Paradox of 1970/1977 Clean Air Act
Mercury and dioxins are also released into the air by coal-fired power plants. Dioxins are poisonous. If a person consumes a large dose of dioxins he or she can die. Dioxins are found naturally in the air, but we breathe in amounts too small to negatively affect us. The levels of dioxins can accumulate within the body and can lead to different disorders. Mercury is also very harmful to human health. The most dangerous mercury is found in the vapor forms of methylmercury and metallic mercury, as these forms of mercury reach the brain easily. Vapors of mercury can also cause nausea, diarrhea, eye irritation and other negative effects. It should also be noted that young children are more vulnerable to mercury exposure than adults.
Our world is full of paradoxes and contradictions. Here is an example of such a paradox, though, if we look at it closely, we can find out that this contradiction is based on very simple and "tangible" reasons.
Comparing electric utilities with coal and oil-fired power plants, we see that the level of pollution belched by coal power plants exceed several times the pollution caused by electric utilities. Moreover, in 1998, these plants emitted about 54 times more acid gases in comparison with chemical plants, which are actually meant and designed to produce these gases.
Why are these plants not replaced? The answer is very simple. Because the old coal power plants are cheaper to operate. Basically, they are cash cows. The problem also refers to the so-called economical threat. For coal-producing states, any upgrade or replacement of old plants is seen as an economic threat or political issue. Nevertheless, some actions have been undertaken, starting in 1997 when the U.S. Environmental Protection Agency revised ozone and health standards. It was adopted that there should be an established plan that would control the reduction of emissions by 2003. In 2002, President George W. Bush launched the Clear Skies Initiative, which led to the proposed federal law Clear Skies Act of 2003. The Clear Skies Act has its advantages as well as some flaws, as some critics have mentioned.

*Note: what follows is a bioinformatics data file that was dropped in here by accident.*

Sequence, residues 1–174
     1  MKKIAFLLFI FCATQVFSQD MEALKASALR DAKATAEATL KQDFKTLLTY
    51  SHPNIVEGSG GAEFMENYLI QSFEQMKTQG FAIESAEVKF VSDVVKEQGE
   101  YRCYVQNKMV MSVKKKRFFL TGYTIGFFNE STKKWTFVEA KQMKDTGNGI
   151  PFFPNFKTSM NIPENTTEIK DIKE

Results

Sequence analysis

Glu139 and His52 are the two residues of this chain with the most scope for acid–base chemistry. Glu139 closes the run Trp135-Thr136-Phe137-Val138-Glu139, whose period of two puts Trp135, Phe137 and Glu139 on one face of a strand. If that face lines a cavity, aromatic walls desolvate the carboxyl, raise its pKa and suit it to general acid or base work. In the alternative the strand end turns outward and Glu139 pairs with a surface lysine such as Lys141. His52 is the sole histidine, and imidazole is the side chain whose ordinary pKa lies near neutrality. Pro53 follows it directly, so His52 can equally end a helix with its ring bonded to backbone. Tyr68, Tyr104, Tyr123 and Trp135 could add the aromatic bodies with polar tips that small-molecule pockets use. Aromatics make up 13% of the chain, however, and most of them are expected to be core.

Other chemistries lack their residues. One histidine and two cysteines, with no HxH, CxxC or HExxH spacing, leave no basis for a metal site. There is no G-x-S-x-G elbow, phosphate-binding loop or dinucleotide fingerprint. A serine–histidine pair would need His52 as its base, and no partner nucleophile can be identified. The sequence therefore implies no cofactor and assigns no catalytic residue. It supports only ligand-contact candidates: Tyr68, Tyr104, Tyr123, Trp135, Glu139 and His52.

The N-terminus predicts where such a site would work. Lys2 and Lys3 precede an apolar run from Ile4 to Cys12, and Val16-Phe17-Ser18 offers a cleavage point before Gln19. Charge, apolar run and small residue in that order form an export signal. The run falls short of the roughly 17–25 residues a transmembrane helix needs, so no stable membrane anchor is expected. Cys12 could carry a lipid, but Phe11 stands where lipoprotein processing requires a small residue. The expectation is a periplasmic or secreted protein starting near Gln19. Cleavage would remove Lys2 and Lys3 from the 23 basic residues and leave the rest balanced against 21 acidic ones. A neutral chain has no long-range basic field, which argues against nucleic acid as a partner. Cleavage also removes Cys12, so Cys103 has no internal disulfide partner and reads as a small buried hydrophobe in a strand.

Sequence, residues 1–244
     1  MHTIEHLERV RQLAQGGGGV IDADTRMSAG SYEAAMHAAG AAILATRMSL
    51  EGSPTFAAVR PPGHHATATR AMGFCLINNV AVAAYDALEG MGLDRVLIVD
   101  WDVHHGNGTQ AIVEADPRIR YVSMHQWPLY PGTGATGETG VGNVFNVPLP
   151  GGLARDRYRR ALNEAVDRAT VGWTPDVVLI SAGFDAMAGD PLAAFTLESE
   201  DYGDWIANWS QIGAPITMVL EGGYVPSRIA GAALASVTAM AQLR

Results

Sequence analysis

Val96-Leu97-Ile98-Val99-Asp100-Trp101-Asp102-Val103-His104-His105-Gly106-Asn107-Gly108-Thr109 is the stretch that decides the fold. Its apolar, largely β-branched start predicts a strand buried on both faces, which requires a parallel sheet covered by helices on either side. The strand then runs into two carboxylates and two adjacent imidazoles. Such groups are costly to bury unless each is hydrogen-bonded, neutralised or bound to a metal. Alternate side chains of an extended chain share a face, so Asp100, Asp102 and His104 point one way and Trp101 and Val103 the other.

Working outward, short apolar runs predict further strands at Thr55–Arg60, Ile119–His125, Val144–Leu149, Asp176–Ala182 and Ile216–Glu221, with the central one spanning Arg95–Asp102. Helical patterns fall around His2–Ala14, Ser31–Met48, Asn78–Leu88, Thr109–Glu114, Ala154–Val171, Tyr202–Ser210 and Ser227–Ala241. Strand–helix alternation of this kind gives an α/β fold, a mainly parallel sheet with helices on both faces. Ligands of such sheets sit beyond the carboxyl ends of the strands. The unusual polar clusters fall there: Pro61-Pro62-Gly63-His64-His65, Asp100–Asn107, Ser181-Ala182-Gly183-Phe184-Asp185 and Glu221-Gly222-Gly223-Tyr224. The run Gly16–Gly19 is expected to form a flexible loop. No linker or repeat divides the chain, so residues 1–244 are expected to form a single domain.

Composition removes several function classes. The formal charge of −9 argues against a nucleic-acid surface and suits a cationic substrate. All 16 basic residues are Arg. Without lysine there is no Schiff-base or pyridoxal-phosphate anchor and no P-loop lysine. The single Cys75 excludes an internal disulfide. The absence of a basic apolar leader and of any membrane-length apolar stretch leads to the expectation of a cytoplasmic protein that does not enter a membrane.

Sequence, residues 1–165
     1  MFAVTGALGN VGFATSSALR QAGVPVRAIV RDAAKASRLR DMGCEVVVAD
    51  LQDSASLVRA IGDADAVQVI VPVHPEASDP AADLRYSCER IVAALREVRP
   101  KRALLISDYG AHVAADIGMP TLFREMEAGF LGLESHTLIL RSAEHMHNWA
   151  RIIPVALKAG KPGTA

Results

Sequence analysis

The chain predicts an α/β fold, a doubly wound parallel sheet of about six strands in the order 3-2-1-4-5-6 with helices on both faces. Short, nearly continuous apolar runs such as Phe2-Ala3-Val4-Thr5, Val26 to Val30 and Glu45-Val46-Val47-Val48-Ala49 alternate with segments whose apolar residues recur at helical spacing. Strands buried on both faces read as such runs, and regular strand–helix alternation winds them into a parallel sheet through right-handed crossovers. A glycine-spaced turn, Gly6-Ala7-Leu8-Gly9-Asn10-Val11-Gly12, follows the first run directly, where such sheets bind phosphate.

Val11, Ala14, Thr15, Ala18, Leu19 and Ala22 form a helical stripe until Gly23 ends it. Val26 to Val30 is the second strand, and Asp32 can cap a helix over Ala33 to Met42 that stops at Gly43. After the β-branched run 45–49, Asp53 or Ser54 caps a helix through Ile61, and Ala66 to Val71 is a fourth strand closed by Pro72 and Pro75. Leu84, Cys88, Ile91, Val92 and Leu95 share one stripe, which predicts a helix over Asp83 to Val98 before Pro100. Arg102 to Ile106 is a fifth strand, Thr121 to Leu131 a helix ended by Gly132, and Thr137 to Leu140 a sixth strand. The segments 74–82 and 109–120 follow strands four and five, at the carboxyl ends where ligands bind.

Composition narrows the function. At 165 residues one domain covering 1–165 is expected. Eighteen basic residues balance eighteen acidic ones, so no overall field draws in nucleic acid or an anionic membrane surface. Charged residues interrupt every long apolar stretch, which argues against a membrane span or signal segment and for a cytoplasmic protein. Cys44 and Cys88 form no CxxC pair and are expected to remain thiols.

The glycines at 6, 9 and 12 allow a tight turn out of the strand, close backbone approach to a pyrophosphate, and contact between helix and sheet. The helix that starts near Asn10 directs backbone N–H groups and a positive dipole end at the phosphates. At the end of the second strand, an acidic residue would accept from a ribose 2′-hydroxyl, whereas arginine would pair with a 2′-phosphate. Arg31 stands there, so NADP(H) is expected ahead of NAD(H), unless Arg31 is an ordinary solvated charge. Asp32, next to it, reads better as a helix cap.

- Biodegradable Plastic Bags vs Reusable Carrier Bags - Which is the Most Green?
- Cosmetics and Sunscreens Contain Toxic Titanium Вioxide
- Carbon Emissions Tax – Three Facts About the Global Effort to Reduce Carbon Dioxide Emissions -Part 2.
- How University of Virginia Creates Alternative Energy Projects
- Government Guarantees Billions to Build First Nuclear Reactors in Decades
5 Responses to “Paradox of 1970/1977 Clean Air Act”
Leave a Reply
You must be logged in to post a comment.
When I read a great blog post I go ahead and do one of three thing:1.Forward it to my close friends.2.keep it in some of the favorite bookmarking sites.3.Make sure to come back to the same blog where I first read the article.After reading this post I am seriously concidering going ahead and doing all 3!October 7th, 2010 at 10:40 pm
Remarkable producing and appreciate it so a good deal for your time!September 10th, 2010 at 5:44 pm
I like your blog. I’ll undoubtedly be peeping into it again.September 7th, 2010 at 2:26 pm
It’s very good blog This details I discovered helpful. I’ve made note of it and can have a look at yet again soon. Thanks a lot.August 28th, 2010 at 2:26 pm
You almost have to wonder what the new Presidential administration will have to say about this Act considering that Obama does not have any known ties to the oil companies, unlike former President Bush.January 26th, 2009 at 12:36 am